Zaghawa language

Zaghawa is a Saharan language spoken by the Zaghawa people of east-central Chad (in the Sahel) and northwestern Sudan (Darfur). The people who speak this language call it Beria, from Beri, the endonym of the Zaghawa people, and a, Zaghawa for "mouth". It has been estimated that there are between 750,000 and 1,350,000 Zaghawa speakers, who primarily live in Chad and the Darfur region of Sudan.

Beria (Beriaa)
Native toChad, Sudan
Regionnortheastern Chad, northwestern Sudan
EthnicityZaghawa people, Awlad Mana
Native speakers
750,000-1,350,000 (2006)[1]
Zaghawa alphabet (proposed)
Language codes
ISO 639-3zag


Zaghawa clans are:[2]

  • Beria (Arabic: Zaghawa)
  • Tuba (Arabic: Bideyat): Biria, Brogat
  • Kube (Arabic: Zaghawa): Dirong, Guruf, Kube, Kapka
  • Wegi (Arabic: Twer)

Zaghawa dialects, which do not always correspond to clan divisions, are:[2]

DialectOther namesClansPopulationMajor communitiesLocations
TubaBideyat (Arabic), BorogatBiria, Brogat15,000Bahaï, Bao Bilia, KalaïtChad: canton Kobé-Nord-Est (Iriba s.p.); sub-prefectures Bao Bilia and Kalaït (Ennedi prefecture); Sudan: Northern Dar Fur
Dirong-GurufDurong, GouroufDirong, Guruf4,000Ebiri, Mardébé, TrongaChad: cantons Dirong and Gourouf, and a few villages in Kapka canton (Iriba s.p.)
KubeZaghawa (Arabic), KobeKapka, Kige, Kuba25,000Bakaoré (Matadjana), Iriba, Kouba, TinéChad: cantons Kapka, Kobé-Nord-Est, Kobé-Nord-Ouest, and Kobé-Sud (Iriba s.p.); Sudan: Northern Dar Fur (near the Chadian border)
WegiTwer (Arabic), Artagh, Gala, WagíWegi100,000Ambodu, Kornoye, KutumSudan: Northern Dar Fur



Zaghawa has a nine-vowel system with advanced-tongue-root vowel harmony. The vowels fall into two sets:

  • /i e o u/
  • /ɪ ɛ a ɔ ʊ/,

with the vowels of affixes depending on the set of vowels in the stem, and with /a/ functioning in both sets. There is some variation among dialects as to the presence of a tenth vowel, /ə/, which in some dialects functions as the +ATR counterpart of /a/. Diphthongs are /ei əu iə/ and /aɪ aʊ ɔɪ/.


Consonants are simple:

Labial Alveolar Postalveolar Palatal Velar Pharyngeal Glottal
Stop voiceless p t k
voiced b d g
Fricative voiceless f s ʃ (ħ) h
voiced (ʒ)
Nasal m n ɲ ŋ
Approximant l j w
Trill r
Tap ɾ
  • /p b t d k ɡ, m n ɲ ŋ, f s ʃ h, ɾ r, l j w/.

Osman also includes /ʒ ħ/ in this list. /ʃ/ occurs primarily in the Sudanese dialect as a variant of /s/ appearing before /i/. The phonemic status of the rhotics are unclear: Osman states that [ɾ r] may be exchanged without any change in meaning, yet maintains that they are distinct phonemes. Of the obstruents, /p/ may not occur word-initially, and only /p t k s/ may occur word-finally, with /b/ in final position in some dialects. /r/ may not occur word-initially, and /f ɾ/ only appear in the middle of words, as in /tòrfù/ 'bird'.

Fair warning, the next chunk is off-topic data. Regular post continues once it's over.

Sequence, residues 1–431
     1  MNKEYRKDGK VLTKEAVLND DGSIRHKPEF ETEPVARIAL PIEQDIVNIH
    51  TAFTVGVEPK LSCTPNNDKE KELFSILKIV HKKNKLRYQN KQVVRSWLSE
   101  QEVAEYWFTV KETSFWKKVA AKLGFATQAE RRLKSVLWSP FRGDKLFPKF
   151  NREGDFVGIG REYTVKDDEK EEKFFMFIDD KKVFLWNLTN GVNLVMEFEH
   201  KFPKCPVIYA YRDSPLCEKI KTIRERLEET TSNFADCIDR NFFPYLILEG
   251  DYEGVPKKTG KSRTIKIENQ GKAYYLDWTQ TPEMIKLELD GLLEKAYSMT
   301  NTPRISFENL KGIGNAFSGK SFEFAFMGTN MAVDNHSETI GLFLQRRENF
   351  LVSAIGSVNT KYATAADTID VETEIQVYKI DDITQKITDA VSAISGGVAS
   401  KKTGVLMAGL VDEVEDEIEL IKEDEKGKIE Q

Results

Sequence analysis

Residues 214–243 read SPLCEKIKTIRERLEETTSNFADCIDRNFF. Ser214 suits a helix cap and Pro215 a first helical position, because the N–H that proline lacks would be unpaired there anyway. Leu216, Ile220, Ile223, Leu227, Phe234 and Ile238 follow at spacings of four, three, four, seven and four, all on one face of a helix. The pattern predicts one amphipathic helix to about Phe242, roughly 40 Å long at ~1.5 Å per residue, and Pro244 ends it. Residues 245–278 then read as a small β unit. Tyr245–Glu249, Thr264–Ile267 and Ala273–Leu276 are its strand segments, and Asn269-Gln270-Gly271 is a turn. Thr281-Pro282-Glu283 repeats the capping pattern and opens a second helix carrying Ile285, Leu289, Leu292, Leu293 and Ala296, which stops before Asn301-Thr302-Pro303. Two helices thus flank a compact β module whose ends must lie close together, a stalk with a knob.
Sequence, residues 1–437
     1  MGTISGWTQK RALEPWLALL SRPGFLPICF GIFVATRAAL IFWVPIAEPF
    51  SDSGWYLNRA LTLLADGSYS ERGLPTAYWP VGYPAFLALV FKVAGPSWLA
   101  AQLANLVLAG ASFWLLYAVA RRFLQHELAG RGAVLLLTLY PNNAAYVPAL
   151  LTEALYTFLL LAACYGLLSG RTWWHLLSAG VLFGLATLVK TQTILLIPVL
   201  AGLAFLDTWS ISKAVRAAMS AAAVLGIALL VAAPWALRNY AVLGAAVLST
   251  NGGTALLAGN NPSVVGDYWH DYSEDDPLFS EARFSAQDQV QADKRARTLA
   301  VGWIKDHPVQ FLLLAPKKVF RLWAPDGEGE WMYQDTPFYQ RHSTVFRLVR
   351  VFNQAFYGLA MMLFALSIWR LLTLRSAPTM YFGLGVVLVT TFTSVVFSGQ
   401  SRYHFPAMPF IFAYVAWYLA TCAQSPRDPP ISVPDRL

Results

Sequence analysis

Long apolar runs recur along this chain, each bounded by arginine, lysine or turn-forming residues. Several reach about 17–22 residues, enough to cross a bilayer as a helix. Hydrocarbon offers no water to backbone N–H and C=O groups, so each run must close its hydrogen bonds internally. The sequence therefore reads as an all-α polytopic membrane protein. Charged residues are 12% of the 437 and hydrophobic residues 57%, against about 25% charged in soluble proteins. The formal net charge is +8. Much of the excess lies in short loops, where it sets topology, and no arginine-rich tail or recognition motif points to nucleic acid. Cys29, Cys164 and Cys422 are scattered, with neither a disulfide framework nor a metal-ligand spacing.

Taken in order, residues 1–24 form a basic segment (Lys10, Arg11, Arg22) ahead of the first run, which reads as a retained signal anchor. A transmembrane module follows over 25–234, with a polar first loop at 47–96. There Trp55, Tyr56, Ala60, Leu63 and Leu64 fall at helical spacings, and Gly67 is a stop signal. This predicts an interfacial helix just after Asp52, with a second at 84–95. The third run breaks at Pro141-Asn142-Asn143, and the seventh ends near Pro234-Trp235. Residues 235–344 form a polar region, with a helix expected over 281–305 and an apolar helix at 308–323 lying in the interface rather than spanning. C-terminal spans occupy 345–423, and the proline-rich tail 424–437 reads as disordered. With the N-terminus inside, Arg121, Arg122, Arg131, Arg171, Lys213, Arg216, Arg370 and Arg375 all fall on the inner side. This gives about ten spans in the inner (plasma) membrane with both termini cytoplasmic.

There are five tones, high, mid, low, rising, falling, all of which may occur on simple vowels, for example in /ɪ́ɡɪ́/ I watered, /ɪ̌ɡɪ̂/ I said, /ɪ̀ɡɪ̀/ right (direction). Tone distinguishes words, but also has grammatical functions; for example, the plural of many nouns is formed by changing the tone of the final syllable from low to high, and the perfective aspect of many verbs is similarly formed by changing the tone of the final syllable from low to high.

Syllable structure

Words tend to be short, often CV and CVCV. The most complex syllables are CVC and CRV, where R is either of the two rhotics.


In the 1950s, a Zaghawa schoolteacher named Adam Tajir created an alphabet for the Zaghawa language that was based on the clan identification marks (brands). Sometimes known as the camel alphabet, he based the phoneme choice on the Arabic language rather than on Zaghawa. Also, some of the marks were longer than others, which made it harder to use it as a computer font.

In 2000, a Beri veterinarian named Siddick Adam Issa prepared an improved version of the alphabet which is named Beria Giray Erfe (Beria Writing Marks). In 2007, this system of writing was turned into a computer font by Seonil Yun in cooperation with SIL International and the Mission Protestante Franco-Suisse au Tchad.[3]

There is also an Arabic script alphabet under development, based on the Tijani system of writing African languages in the 13th century.


  1. Zaghawa at Ethnologue (18th ed., 2015)
  2. Anonby, Erik John and Johnson, Eric. 2001. A sociolinguistic survey of the Zaghawa (Beria) of Chad and Sudan, p.9. Moursal-N'Djaména, Chad: Association SIL Tchad.
  3. Zaghawa Beria Font


  • Jakobi, Angelika and Joachim Crass 2004. Grammaire du beria (langue saharienne). Cologne: Rudiger Koppe.
  • Khidir, Z.F. 1999. Lexique des plantes connues Beri du Tchad. University of Leipzig Papers on Africa, 11. University of Leipzig.
  • Khidir, Z.F. 2001. Lexique des animaux chez les Beri du Tchad. University of Leipzig Papers on Africa, 17. University of Leipzig.
  • MacMichael, H.A. 1912. Notes on the Zaghawa and the People of Gebel Midob, Anglo-Egyptian Sudan. The Journal of the Royal Anthropological Institute of Great Britain and Ireland, 42: 288-344.
  • Osman, Suleiman Norein. 2006. Phonology of the Zaghawa Language in Sudan. In Abu-Manga, Al-Amin and Gilley, Leoma and Storch, Anne (eds.), Insights into Nilo-Saharan Language, History and Culture: Proceedings of the 9th Nilo-Saharan Linguistic Colloquium, University of Khartoum, 347-361. Köln: Cologne: Rüdiger Köppe.
  • Tubiana, Joseph 1963. Note sur la langue des zaghawa. Travaux de XXVe congrès internationale des orientalistes, 614-619. Moscow.
  • Tubiana, Marie-Josée 1964. Survivances préislamiques en pays zaghawa. Paris: Université de Paris.
  • Tubiana, Marie-Josée 1985. Des troupeaux et de femmes: Mariage et transferts de biens chez les Beri (Zaghawa et Bideyat) du Tchad et du Soudan. Paris: L’Harmattan.
  • Tubiana, Marie-Josée et Joseph Tubiana (eds.). 1995. Contes Zaghawa du Tchad. Paris: L’Harmattan.
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